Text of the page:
I've just finished my sandwiches when I hear a key turn in the front door. I open the pack of crisps and try to act casual as my mum walks up the stairs and knocks on my door.

"Come in!" I call.

"How are you feeling?" she asks anxiously as she opens the door and sits down on my bed.

"Much better," I say, hoping she doesn't notice the colour of my eyes and trying not to smile too much so she doesn't see my teeth.

"Hmm." She puts her hand on my forehead. "Well you certainly feel cooler than you did yesterday. Have you had any fresh air?"

"I went out for a walk to the park earlier," I half-lie. After all, I did go to the park; I just didn't do much walking.

"Good," she smiles. "Well, I'd better get back to work. Remember not to answer the door to anyone unless it's one of your friends, and try not to get into trouble."

I roll my eyes but laugh. "Yes Mum, I won't Mum. See you later."

"See you later."

I wait for the sound of my Mum's car driving away before leaping up, checking I have my keys and phone and running out the front door. Time to find the closest buildings in London and practice some jumping.

"Wahoo!" I scream as I leap into the air, my arms flailing and my hair blowing out behind me. I plummet towards the roof of the next building and land in a crouch. It's amazing how I can leap so far and so high, yet land with the gracefulness of a tiger, barely making a sound. I balance on the balls of my feet before running forward again. As I near the next building I realise it's way too high for me to leap to, but my body adjusts itself and I take off, flinging myself at the side of the stone expanse. My claws slide out of my fingers and dig into the grooves in the brick, securing me to the side of the building. My shoes don't afford me as much grip and I resist the urge to kick them off. I'm two hundred feet above street level, and below me is a road busy with cars and buses. I'd probably never find them again, so I leave them on.

A delicious scent suddenly reaches my nose and my mouth begins to water. I glance down and see a burger stand further along the street underneath me, and a man stands nearby eating a bacon roll. The temptation to swing down there and tear it out of his hands almost overwhelms me and my body shifts to move…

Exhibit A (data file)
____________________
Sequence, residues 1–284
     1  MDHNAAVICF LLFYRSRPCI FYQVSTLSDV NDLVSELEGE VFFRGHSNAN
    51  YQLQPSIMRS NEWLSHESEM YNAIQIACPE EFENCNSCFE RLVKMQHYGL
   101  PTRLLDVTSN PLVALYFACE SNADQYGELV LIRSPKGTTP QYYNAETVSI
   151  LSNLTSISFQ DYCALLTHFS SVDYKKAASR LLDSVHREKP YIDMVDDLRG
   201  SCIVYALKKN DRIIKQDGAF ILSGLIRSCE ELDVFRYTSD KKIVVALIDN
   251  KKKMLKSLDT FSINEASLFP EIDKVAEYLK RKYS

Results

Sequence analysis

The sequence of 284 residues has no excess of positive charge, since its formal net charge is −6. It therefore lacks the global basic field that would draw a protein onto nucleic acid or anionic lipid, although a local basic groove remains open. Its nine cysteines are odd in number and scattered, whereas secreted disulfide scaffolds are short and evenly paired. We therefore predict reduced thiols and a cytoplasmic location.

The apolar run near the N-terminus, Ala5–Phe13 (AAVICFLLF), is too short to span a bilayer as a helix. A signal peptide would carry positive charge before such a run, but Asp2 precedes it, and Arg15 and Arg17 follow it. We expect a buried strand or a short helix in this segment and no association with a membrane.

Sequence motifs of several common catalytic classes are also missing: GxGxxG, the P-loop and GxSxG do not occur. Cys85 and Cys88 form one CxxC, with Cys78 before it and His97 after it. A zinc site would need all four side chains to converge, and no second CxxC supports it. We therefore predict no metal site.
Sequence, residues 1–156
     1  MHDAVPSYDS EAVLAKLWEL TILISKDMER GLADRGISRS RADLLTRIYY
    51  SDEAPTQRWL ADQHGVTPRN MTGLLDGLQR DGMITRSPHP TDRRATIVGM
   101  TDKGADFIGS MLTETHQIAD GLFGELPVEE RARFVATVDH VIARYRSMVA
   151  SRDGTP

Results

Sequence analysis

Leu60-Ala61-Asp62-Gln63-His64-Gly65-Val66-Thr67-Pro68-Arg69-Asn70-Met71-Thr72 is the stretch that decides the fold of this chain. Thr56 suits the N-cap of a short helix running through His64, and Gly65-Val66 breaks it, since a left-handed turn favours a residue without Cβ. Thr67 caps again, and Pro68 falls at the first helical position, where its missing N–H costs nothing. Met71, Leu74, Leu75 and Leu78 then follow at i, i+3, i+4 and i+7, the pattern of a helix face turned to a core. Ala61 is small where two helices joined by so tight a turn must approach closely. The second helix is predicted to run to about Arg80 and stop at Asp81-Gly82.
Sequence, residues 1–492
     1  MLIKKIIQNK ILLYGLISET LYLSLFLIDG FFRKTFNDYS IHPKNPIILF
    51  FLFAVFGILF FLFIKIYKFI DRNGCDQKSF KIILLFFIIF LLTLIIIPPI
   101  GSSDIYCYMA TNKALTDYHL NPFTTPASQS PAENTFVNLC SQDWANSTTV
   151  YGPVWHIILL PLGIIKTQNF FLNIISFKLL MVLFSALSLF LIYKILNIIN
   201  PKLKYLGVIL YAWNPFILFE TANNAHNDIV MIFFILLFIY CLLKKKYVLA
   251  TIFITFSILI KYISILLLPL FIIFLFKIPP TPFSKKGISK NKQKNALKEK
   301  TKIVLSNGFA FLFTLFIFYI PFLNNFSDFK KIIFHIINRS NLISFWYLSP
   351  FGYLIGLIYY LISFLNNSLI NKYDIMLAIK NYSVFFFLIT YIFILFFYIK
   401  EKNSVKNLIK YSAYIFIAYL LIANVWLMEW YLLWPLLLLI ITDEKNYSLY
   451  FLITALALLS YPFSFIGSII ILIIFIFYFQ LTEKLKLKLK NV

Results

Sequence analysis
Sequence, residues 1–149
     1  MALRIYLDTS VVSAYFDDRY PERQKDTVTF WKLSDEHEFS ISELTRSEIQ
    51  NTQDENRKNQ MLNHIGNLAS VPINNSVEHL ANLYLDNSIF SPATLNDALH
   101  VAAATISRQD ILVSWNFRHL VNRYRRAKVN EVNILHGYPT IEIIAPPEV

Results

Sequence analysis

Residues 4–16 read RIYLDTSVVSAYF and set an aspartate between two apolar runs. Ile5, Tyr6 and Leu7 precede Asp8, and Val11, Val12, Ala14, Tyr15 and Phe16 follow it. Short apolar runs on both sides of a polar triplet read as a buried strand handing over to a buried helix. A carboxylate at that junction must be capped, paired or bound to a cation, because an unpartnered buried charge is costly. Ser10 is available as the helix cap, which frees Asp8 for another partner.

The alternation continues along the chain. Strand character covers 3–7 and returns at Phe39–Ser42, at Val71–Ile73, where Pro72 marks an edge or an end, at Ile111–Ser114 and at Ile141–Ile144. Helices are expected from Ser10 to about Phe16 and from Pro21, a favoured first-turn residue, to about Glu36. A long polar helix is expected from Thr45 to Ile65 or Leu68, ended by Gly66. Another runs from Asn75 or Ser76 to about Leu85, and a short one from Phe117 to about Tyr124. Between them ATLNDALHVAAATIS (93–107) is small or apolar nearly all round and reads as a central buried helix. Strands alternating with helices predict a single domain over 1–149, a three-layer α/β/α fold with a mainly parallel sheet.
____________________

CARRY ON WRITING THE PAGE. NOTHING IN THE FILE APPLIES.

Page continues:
Whoah. I need to stop this. I tear my eyes away from the burger stand and breathe deeply, forcing my thoughts to focus on something else. If I appeared out of nowhere and grabbed the roll off him before running away at superhuman speeds, I'd attract attention and people would see me. There might even be a chance someone would recognise me, or somebody could report me to a news station, and then my cover would be blown. I need to keep my abilities a secret if I want to live what appears to be a normal human life. Besides, if I end up locked up in a lab, I'll never be able to go to university and help save the lives of abandoned animals like those dogs. I sigh and clamber up the building to the roof, avoiding the windows in case anybody happens to be standing on the other side.

I stand and look around until I locate the streets near my home before taking off, using the rooftops to get home without being seen. I climb down the side of the Montagu flats and leap the rest of the way when I get close enough before disappearing inside my house and up to my room and collapsing on my bed. Exhaustion from all the running and jumping sets in and before I know it I've fallen asleep.